Ayala-Pena S.,University of Puerto Rico at San Juan
Free Radical Biology and Medicine | Year: 2013

Huntington's disease (HD) is a neurodegenerative disorder with an autosomal dominant expression pattern and typically a late-onset appearance. HD is a movement disorder with a heterogeneous phenotype characterized by involuntary dance-like gait, bioenergetic deficits, motor impairment, and cognitive and psychiatric deficits. Compelling evidence suggests that increased oxidative stress and mitochondrial dysfunction may underlie HD pathogenesis. However, the exact mechanisms underlying mutant huntingtin-induced neurological toxicity remain unclear. The objective of this paper is to review recent literature regarding the role of oxidative DNA damage in mitochondrial dysfunction and HD pathogenesis. © 2013 Elsevier Inc. All rights reserved. Source

Kuffler D.P.,University of Puerto Rico at San Juan
Progress in Neurobiology | Year: 2014

Restoring neurological function to a damaged peripheral nerve separated by a gap requires axon regeneration (1) across the gap, no matter its length, and then (2) through the distal portion of the nerve, regardless of the time between the trauma and repair, and irrespective of animal or patient age. Sensory nerve grafts, the clinical "gold standard", and most alternative techniques for bridging nerve gaps, promote reliable axon regeneration only across nerve gaps <2. cm in length, and with few axons regenerating when nerve repairs are performed >2 months post-trauma or for patients >20 years of age. Three novel nerve repair techniques are discussed that induce axon regeneration and neurological recovery clinically under conditions where other techniques are ineffective: for nerve gaps up to cm long, repairs performed as late as 3.25 years post-trauma, and for patients up to 58 years old. The mechanisms by which these techniques may work are discussed. Although these techniques provide significant improvements in the extents of axon regeneration and neurological recovery, more extensive and reliable clinical recovery of neurological function is needed and will probably require the simultaneous application of multiple techniques. © 2014. Source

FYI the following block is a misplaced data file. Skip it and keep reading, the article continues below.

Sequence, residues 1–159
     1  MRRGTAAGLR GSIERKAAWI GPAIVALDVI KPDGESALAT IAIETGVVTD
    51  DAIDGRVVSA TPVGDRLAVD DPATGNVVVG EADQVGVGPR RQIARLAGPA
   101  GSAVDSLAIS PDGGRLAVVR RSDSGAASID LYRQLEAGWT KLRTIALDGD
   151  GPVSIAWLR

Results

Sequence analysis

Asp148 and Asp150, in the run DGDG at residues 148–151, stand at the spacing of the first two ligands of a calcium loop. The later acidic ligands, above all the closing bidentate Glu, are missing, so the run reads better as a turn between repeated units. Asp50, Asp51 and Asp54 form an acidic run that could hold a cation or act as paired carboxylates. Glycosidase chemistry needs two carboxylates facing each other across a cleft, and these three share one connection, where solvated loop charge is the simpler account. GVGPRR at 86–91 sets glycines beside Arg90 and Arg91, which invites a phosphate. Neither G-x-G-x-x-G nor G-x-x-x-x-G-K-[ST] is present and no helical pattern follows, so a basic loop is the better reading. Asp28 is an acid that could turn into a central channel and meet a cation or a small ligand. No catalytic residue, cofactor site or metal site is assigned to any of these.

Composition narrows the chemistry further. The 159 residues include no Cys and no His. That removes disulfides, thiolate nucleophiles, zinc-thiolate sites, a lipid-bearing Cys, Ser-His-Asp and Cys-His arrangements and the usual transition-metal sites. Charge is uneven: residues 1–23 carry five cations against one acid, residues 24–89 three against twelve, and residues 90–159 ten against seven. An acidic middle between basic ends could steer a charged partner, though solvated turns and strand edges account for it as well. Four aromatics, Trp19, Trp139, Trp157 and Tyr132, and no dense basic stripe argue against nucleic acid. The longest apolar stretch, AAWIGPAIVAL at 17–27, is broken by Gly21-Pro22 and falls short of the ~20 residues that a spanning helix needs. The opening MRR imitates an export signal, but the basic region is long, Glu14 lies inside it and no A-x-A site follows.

Agnarsson I.,University of Puerto Rico at San Juan
PloS one | Year: 2010

Combining high strength and elasticity, spider silks are exceptionally tough, i.e., able to absorb massive kinetic energy before breaking. Spider silk is therefore a model polymer for development of high performance biomimetic fibers. There are over 41,000 described species of spiders, most spinning multiple types of silk. Thus we have available some 200,000+ unique silks that may cover an amazing breadth of material properties. To date, however, silks from only a few tens of species have been characterized, most chosen haphazardly as model organisms (Nephila) or simply from researchers' backyards. Are we limited to 'blindly fishing' in efforts to discover extraordinary silks? Or, could scientists use ecology to predict which species are likely to spin silks exhibiting exceptional performance properties? We examined the biomechanical properties of silk produced by the remarkable Malagasy 'Darwin's bark spider' (Caerostris darwini), which we predicted would produce exceptional silk based upon its amazing web. The spider constructs its giant orb web (up to 2.8 m(2)) suspended above streams, rivers, and lakes. It attaches the web to substrates on each riverbank by anchor threads as long as 25 meters. Dragline silk from both Caerostris webs and forcibly pulled silk, exhibits an extraordinary combination of high tensile strength and elasticity previously unknown for spider silk. The toughness of forcibly silked fibers averages 350 MJ/m(3), with some samples reaching 520 MJ/m(3). Thus, C. darwini silk is more than twice tougher than any previously described silk, and over 10 times better than Kevlar®. Caerostris capture spiral silk is similarly exceptionally tough. Caerostris darwini produces the toughest known biomaterial. We hypothesize that this extraordinary toughness coevolved with the unusual ecology and web architecture of these spiders, decreasing the likelihood of bridgelines breaking and collapsing the web into the river. This hypothesis predicts that rapid change in material properties of silk co-occurred with ecological shifts within the genus, and can thus be tested by combining material science, behavioral observations, and phylogenetics. Our findings highlight the potential benefits of natural history-informed bioprospecting to discover silks, as well as other materials, with novel and exceptional properties to serve as models in biomimicry. Source

Discover hidden collaborations